Op-ed: Water we waiting for? Berkeley should respond to the crisis in Flint

Every single child in Flint, Michigan has been exposed to lead poisoning thanks to contaminated water. Lead poisoning is irreversible and has the largest health impact on children. Lead poisoning has been proven to cause a series of health consequences, including measurable drops in I.Q., aggression, hostility, motor skill delays, colic, convulsions, brain disease, and sometimes death. Not only that, but the number of cases in Flint of Legionnaires Disease has skyrocketed since the city switched its water supply from Lake Huron to that of the polluted Flint River. After this water supply transition, the city failed to put in place the proper corrosion controls to protect the piping from exposing the water to lead poison and other contaminants. All of this damage has been done in an effort to save a few dollars.

Flint’s population is predominately black (56%) and predominately impoverished. Would this water crisis would have occurred in a white suburb, and, if so, would the response be different?

This water crisis is no accident.

Michigan Governor Rick Snyder had been well informed of the public health risks of the infested waters since 2014. Flint residents have been consuming toxic waste from their water supply for two years. Two years.

If that knowledge isn’t outrageous enough for your liking, please read and share Michael Moore’s 10 Things They Won’t Tell You about the Flint Water Tragedy. But I Will so together we can be armed with the information needed to hold Gov. Snyder accountable.

As a non-profit organization addressing and helping to alleviate health disparities experienced by black individuals in Berkeley, Healthy Black Families (HBF) is here to let our communities know that we are aware and alert to the public health disasters occurring in our country. This op-ed exists to educate, motivate and encourage our people to be proactive and preemptive when it comes to public health issues. We want to be proactive in finding policies that have the effect of increasing disparities in health outcomes. Here at HBF, we are disappointed that our Berkeley elected officials have yet to condemn the crisis in Flint. We are also disappointed in our national government administrators for implicitly allowing this water crisis to turn into just that, a crisis, despite several warnings.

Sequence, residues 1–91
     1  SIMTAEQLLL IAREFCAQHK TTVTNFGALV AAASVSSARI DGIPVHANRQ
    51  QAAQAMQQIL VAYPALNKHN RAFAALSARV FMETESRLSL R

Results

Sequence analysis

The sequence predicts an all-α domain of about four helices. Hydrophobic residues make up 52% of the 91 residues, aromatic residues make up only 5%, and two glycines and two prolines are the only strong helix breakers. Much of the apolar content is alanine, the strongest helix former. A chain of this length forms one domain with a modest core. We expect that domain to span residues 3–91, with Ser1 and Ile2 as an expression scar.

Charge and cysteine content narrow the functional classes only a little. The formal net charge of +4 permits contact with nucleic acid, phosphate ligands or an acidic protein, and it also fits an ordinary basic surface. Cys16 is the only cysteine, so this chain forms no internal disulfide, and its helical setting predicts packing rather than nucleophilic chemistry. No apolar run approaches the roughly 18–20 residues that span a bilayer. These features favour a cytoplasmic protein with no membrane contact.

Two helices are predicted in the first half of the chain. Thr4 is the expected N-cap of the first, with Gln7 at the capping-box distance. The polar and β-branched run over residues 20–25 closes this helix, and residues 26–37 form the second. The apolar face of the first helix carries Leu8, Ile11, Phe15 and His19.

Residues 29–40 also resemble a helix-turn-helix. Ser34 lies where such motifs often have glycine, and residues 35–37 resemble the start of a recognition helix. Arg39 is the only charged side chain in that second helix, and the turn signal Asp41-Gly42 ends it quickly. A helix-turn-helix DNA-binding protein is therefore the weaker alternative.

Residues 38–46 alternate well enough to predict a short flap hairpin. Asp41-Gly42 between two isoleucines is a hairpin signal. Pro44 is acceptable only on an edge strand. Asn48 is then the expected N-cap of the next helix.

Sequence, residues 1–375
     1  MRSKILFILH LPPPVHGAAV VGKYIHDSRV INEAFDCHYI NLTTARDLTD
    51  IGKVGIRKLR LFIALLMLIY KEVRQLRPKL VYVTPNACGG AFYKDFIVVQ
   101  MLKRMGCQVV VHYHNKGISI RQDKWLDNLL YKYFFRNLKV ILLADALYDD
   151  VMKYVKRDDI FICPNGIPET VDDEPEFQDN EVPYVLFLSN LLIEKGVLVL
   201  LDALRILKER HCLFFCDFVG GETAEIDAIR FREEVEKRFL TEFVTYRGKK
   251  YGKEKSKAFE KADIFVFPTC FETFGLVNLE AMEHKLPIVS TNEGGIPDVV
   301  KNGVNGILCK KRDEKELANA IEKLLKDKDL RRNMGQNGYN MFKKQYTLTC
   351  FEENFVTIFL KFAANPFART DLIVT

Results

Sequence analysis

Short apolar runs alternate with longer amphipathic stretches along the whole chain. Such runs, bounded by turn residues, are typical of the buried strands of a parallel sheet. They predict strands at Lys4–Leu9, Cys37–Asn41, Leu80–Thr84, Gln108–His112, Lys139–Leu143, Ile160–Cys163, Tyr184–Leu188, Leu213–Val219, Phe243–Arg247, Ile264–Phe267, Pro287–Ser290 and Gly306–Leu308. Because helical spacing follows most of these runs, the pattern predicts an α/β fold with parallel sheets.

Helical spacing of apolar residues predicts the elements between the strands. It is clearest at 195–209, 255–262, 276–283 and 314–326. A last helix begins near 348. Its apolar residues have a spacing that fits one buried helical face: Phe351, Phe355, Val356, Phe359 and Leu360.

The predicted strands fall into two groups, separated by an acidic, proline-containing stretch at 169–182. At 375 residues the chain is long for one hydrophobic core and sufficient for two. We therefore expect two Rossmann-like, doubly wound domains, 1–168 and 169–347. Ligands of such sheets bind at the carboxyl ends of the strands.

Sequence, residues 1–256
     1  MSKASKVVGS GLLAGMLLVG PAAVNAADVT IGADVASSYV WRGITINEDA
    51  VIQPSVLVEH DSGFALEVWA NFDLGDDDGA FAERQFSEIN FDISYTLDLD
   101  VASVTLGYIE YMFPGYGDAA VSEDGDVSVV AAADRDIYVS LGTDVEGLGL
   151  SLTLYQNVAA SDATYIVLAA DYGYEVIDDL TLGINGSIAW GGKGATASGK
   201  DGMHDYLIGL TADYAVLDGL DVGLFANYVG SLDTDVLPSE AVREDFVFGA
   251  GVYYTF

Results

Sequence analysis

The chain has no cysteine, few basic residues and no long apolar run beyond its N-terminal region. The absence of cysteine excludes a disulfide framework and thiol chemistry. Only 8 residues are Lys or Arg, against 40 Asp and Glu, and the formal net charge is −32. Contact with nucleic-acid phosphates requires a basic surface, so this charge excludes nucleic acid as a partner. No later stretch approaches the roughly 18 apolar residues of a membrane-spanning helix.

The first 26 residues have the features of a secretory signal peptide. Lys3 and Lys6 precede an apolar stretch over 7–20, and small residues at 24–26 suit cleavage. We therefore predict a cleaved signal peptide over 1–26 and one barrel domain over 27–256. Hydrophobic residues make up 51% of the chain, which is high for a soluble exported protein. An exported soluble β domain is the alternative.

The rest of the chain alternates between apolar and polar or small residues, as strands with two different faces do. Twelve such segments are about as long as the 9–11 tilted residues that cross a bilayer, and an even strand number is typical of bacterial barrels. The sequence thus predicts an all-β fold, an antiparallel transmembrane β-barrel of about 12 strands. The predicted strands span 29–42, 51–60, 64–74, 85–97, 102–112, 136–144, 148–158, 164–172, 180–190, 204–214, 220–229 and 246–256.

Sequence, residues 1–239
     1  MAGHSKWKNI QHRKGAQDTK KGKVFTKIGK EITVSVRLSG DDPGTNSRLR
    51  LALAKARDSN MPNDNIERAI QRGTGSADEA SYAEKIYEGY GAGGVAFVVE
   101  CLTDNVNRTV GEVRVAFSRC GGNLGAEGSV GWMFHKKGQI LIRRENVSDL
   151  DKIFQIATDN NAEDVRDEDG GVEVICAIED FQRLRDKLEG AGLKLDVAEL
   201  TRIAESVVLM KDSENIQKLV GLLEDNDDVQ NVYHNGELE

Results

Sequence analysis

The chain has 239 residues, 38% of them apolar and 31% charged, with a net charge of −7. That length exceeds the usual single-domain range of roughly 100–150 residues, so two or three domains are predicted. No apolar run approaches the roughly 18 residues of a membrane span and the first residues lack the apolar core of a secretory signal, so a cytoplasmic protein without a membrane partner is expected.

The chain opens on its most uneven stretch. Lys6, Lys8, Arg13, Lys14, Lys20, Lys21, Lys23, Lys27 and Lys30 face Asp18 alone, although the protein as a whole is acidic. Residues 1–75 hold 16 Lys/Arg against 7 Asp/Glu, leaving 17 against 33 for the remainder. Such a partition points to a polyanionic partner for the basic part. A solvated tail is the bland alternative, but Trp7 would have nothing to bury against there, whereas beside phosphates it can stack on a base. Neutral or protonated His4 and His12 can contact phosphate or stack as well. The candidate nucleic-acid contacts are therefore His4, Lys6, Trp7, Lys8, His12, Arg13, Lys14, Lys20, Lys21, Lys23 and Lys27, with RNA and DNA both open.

Access to clean water is not a privilege. It is a human right. Yet marginalized areas, such as Flint, are having their basic human rights stripped away. This water crisis is no accident, because for people in power, such as Gov. Snyder and his administration, it is easy to abuse those who do not have the resources to protect themselves.

We cannot let this happen to us here in Berkeley. We at Healthy Black Families are here to help educate our communities with resources. If people reading this op-ed have any health concerns in their communities, they are strongly urged to take action in protecting themselves and their community by contacting the Berkeley Public Health Division and inquiring about what is being done to ensure the safety of our public health. We also strongly encourage Berkeleyans to visit MoveOn.org in an effort to take charge in fighting for change and social justice through the use of petitions.

Through having people unite to advocate for change, public health crises, such as the toxic water situation in Flint, can be addressed and resolved before they become disasters.

Berkeleyside welcomes submissions of op-ed articles. We ask that we are given first refusal to publish. Topics should be Berkeley-related, local authors are preferred, and we don’t publish anonymous pieces. Email submissions, as Word documents or embedded in the email, to editors@berkeleyside.com. The recommended length is 500-800 words. Please include your name and a one-line bio that includes full, relevant disclosures. Berkeleyside will publish op-ed pieces at its discretion. 

Jackie Boyd, MHC is a board member of Healthy Black Families, Inc.